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My 100-Day Progress Report
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My 100-Day Progress Report
It has been an exhilarating first 100 days on the job. When I was sworn in as SBA Administrator in April, I promised to “get more loans into the hands of entrepreneurs who reflect the diversity of America by making it easier for community banks and microlenders to become our partners.”
Following up on this promise, I recently announced a transformative new plan to automate SBA lending and streamline and simplify the agency’s underwriting process to attract more lending partners and open up new markets for small business owners who need capital to expand and grow. Days after this announcement, which will ease the burdens on lenders approving small-dollar loans to entrepreneurs, I appeared at a Clinton Global Initiative conference in Denver to help announce an exciting commitment called the Century Club. Eight Community Development Financial Institutions (CDFIs) each pledged to make at least 100 small business loans a year for the next 10 years, which will inject $1 billion of additional capital into America’s small business ecosystem.
Last week, we continued our progress in expanding access to capital. At the White House, I joined President Obama to announce a new initiative called SupplierPay. More than two dozen major corporations pledged to pay their small business suppliers faster and offer other creative financing solutions to get entrepreneurs access to affordable working capital so they have the payment certainty to make new hires and grow their companies.
We’ve also been focused on creating new opportunities for our veterans who wish to translate their military leadership skills into opportunities to serve their country as civilian job creators. We “rebooted” our popular Boots to Business entrepreneurship program – a two-day crash course in starting a small business followed by an eight-week, instructor-led online course. We’re now conducting this program for transitioning service members at more than 200 military installations worldwide. And last week at the White House, we expanded this initiative to serve veterans who’ve already transitioned out.
At Twitter headquarters, the SBA launched a new competition for entities – university incubators or local nonprofits – that help seed start-ups by offering up office space, mentoring, networking, business-plan assistance, and sometimes startup capital, too. We’re exporting the Silicon Valley support model to communities in Middle America. The competition will fund up to 50 accelerators that are focused on key industries like clean energy and health care, as well as those focused on underserved populations, including women entrepreneurs, minorities, and small business owners in distressed urban and rural areas.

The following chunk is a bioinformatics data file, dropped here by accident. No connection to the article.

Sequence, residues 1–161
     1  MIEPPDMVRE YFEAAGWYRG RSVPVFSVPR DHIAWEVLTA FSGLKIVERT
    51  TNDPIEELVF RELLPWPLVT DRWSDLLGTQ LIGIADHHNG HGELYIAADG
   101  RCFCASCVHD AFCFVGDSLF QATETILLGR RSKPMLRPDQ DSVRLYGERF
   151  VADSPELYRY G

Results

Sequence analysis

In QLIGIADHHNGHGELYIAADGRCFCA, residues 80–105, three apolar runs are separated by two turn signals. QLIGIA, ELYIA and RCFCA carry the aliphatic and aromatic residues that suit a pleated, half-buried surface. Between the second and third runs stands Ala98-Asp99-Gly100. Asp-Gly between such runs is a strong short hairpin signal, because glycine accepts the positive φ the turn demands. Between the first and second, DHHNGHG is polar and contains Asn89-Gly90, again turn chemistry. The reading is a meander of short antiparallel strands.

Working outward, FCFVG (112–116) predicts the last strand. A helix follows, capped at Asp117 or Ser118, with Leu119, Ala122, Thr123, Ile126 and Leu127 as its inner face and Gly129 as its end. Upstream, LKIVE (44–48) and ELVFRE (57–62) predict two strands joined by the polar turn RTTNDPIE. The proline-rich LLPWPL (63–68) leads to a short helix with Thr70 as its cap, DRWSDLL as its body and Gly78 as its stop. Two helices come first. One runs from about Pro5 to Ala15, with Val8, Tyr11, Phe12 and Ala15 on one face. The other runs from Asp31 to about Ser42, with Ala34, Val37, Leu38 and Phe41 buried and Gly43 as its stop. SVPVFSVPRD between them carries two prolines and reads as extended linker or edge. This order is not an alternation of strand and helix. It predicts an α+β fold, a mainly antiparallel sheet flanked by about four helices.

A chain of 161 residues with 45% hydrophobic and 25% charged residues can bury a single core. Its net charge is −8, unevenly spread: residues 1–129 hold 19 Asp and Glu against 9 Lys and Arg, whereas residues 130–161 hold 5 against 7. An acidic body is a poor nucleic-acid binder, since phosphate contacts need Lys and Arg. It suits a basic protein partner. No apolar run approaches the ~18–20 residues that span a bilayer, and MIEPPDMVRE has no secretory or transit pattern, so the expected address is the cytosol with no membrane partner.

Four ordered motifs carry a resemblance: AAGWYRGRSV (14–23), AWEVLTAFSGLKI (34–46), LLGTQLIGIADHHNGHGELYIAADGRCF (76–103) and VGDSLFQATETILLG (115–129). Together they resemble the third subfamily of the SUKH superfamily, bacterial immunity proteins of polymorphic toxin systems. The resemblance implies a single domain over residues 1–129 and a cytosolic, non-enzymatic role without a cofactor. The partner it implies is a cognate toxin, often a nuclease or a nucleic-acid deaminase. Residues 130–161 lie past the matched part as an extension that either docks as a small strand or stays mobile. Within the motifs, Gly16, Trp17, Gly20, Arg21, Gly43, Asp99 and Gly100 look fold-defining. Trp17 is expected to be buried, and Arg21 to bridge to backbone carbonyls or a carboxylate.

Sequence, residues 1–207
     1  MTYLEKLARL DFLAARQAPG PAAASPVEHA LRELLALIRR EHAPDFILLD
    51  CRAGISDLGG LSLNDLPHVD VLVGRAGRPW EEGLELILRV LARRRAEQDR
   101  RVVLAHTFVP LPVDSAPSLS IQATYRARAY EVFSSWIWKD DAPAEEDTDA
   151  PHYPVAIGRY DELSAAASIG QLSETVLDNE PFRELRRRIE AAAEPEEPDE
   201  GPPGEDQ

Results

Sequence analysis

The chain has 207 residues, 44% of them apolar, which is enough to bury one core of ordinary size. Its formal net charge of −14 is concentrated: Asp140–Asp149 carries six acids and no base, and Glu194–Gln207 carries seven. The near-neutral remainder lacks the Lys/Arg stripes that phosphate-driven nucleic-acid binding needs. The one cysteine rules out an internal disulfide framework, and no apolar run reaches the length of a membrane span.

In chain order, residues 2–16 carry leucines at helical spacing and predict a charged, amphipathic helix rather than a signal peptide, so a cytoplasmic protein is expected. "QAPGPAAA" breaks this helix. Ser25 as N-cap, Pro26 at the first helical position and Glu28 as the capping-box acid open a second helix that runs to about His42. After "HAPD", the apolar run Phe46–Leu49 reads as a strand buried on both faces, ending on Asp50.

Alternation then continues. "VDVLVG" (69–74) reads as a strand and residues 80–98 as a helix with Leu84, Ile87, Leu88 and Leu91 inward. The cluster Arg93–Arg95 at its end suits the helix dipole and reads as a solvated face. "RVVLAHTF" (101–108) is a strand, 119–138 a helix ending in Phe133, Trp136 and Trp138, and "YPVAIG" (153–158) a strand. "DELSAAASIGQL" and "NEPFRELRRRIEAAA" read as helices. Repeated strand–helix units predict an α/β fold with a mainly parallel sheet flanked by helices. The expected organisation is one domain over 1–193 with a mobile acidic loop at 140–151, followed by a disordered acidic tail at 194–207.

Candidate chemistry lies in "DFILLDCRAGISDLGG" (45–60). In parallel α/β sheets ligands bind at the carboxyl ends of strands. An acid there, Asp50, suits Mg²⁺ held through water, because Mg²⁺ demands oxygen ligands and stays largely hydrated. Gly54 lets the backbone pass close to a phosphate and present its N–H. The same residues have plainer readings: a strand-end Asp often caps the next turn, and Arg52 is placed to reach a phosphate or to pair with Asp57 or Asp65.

In recognition of the reality that there are still communities disproportionately struggling in the aftermath of the Great Recession, I also launched Scale-Up America – another competitive program that will bring intensive SBA assistance to up to 14 cities with strong small business growth potential. We’re excited about this program, because more than 90 percent of new jobs generated by small businesses come from the expansion of existing businesses.
Finally, as an immigrant myself, I was proud to represent the United States in El Salvador to meet with the country’s new leadership and recognize the peaceful succession of President Salvador Sánchez Cerén. I had the opportunity to meet with Salvadoran small business owners, who provide 70 percent of the country’s jobs, and promote the bilateral Partnership for Growth plan signed by both nations in recognition of the increasingly important role Latin American nations are playing in the global economy.
These first 100 days have been a whirlwind, and I am buoyed by the energy and optimism of all the entrepreneurs I’ve met in cities across America. There’s still so much more to do. I hope you’ll contact me on Twitter @MCS4biz to keep the dialogue going as we continue our forward momentum into the fall.
About the Author:
Maria Contreras-Sweet is the Administrator of the U.S. Small Business Administration. The SBA helps both Main Street and high-growth small businesses get access to capital, counseling, federal contracts, disaster assistance and more.